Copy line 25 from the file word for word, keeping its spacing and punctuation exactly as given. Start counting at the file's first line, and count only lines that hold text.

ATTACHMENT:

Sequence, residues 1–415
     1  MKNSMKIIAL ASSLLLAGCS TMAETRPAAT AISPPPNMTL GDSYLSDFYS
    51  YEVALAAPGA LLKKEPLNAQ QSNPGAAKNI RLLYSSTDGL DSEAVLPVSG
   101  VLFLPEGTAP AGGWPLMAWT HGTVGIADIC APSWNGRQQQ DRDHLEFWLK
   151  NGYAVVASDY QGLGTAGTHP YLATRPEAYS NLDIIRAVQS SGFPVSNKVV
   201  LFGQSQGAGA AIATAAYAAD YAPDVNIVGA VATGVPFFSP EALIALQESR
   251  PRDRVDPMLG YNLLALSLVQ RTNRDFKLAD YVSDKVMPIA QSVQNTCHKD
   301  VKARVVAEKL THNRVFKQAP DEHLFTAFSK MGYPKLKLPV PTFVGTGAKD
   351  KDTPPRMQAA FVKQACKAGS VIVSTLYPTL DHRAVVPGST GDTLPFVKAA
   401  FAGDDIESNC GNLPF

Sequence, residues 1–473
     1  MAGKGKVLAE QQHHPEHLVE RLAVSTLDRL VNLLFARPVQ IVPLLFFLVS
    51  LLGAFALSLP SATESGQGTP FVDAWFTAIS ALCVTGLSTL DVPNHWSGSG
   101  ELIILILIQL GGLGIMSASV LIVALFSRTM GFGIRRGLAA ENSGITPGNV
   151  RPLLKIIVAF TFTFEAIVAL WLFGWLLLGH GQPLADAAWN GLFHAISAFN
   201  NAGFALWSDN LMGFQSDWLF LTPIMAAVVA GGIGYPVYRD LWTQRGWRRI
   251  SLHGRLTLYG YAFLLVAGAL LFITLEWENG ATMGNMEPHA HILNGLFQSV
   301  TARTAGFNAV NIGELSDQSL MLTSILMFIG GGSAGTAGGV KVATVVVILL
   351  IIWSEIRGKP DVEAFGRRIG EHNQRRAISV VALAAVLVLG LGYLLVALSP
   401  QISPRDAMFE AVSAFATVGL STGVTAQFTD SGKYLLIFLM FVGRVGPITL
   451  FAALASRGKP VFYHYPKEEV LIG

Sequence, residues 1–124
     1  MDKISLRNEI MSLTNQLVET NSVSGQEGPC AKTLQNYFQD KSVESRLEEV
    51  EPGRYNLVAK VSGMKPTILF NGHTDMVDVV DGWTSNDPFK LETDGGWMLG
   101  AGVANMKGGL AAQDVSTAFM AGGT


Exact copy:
   101  AGVANMKGGL AAQDVSTAFM AGGT